Early in the 2016 election cycle, GOP chairman Reince Priebus declared that the GOP was “likely to have the most diverse presidential primary field in history—of either party.” If diversity is considered in terms of the varied ethnic heritages of the presidential primary candidates, he was right. And yet, 90% of the voters in GOP primaries this year have been white.
Reflecting on this reality, Stanford sociologist Corey D. Fields recently argued in the New York Times that “the image of black Republicans that the G.O.P. disseminates may actually dampen enthusiasm for the party–not only among the black electorate in general, but also among black Republicans themselves.”
Fields locates the problem in the fact that many high-profile black Republicans are committed to “colorblind” politics. He gives as examples Ben Carson, Mia Love, and Tim Scott who “acknowledge that being black is part of their life experience but reject the idea that racial identity should orient their political decision making. They often decry efforts, like affirmative action, to address racial inequality explicitly, claiming that such politics undermine black success.”
Colorblind politics, Fields argues, fails to represent race-conscious black Republicans as well as black citizens who might potentially vote Republican. These types of voters are more consciously linked to black communities and leverage their conservative politics to uplift the black community. They support the Republican platform but root their support in the particularity of their black identity. Fields gives the example of school vouchers, which race-conscious black Republicans would support not just for the sake of a free market, but for the empowerment of black parents.
Why should the GOP reject colorblind politics? Fields offers a pragmatic reason: if the GOP doesn’t move beyond colorblind politics, it will continue to lose potential black voters. Its national conventions will continue to look like a sea of melted marshmallows. Fields is right.
But for evangelical Christians, there is also a theological reason. Of all people, Christians should coalesce to move beyond colorblind politics into a new era of color-affirmative politics. Scripture teaches that God’s creational design for our world includes—and invites—unity-in-diversity. He gave each domain of nature an almost infinite diversity of variation. Where can you look in the created world and not see a multiplicity of colors, dimensions, and forms?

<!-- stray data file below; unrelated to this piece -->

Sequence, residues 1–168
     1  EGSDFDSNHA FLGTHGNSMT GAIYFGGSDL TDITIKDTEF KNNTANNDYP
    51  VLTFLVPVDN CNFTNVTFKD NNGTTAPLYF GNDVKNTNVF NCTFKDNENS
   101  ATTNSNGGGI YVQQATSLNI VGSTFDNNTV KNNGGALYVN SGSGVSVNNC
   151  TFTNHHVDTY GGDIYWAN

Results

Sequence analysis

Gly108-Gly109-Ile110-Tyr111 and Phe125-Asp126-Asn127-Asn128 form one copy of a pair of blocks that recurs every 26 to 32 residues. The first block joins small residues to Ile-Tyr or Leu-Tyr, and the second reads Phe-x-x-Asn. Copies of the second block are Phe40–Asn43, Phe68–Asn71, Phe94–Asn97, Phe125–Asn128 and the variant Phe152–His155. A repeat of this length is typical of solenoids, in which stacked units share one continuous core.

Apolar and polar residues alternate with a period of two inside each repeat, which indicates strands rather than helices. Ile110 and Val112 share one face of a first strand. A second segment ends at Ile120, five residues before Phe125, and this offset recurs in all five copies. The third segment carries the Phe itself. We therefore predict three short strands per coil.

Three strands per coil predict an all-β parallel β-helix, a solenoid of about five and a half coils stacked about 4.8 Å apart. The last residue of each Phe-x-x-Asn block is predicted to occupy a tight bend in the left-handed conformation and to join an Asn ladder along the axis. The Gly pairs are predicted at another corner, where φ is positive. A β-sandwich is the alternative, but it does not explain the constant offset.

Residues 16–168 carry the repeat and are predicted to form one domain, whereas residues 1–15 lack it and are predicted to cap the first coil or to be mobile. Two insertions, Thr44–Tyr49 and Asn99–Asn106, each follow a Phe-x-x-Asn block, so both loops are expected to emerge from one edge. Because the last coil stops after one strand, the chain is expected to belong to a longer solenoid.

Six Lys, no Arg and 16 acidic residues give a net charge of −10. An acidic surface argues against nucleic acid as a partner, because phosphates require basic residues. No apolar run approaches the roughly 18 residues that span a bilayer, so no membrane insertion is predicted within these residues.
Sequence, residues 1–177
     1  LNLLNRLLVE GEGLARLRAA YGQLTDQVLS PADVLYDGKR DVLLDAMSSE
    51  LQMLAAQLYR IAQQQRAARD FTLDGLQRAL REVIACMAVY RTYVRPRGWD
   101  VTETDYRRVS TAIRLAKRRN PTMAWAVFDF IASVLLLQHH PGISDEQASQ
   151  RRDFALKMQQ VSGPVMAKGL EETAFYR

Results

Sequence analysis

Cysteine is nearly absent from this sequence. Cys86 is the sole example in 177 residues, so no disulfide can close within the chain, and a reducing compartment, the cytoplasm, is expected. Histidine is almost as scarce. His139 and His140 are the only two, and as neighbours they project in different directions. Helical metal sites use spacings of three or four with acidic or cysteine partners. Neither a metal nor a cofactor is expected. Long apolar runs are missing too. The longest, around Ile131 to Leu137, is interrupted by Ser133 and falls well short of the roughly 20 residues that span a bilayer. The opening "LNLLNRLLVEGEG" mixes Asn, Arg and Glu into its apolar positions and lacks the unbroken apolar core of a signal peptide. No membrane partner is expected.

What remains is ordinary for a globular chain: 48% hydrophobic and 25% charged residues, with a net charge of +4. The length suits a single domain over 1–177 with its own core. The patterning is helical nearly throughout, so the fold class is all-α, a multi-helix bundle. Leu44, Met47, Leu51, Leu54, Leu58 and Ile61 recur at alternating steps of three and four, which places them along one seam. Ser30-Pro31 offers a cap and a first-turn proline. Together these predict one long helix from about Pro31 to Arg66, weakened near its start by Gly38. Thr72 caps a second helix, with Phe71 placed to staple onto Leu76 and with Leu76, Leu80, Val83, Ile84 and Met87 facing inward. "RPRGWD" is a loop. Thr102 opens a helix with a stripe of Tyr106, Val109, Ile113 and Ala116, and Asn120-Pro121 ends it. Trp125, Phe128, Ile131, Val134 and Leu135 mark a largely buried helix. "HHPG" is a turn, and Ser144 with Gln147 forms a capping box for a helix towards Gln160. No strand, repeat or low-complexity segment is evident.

Scripture also teaches that Christ will return in order to institute a new political order that is characterized by ethnic unity-in-diversity. We are told that the new political order will consist of persons from every tribe, tongue, people, and nation (Rev 5:9-10) and even cultural treasures from those nations (Rev 21:24). The picture painted by the Bible is that God the Creator loves and affirms his creation in its diversity.
What should the GOP do? First, it should reconceive its platform to make clear that it is attentive and sympathetic to the concerns of black communities. It should address black voters in their particularity as black voters. If not, the GOP will continue to communicate implicitly that one must choose between blackness and conservatism.
Second, it should foster within its own ranks a healthier emphasis on particularity than the sort of “identity politics” that would seek only the interests of its own group. Black, white, and Hispanic communities should feel free to voice their interests within the Republican Party, and to voice those interests in distinctively black, white, or Hispanic ways. But in voicing those interests, they can be communicated in such a way that displays their merit for the common good.
Unity-in-diversity means that, in fact, these interests can be put on full display and at the same time reveal their merit for the common good. Our nation is now more diverse than ever in its history. Republicans will certainly make a tactical error if they do not move beyond colorblind politics. More significantly than that, however, they will fail to do the right thing.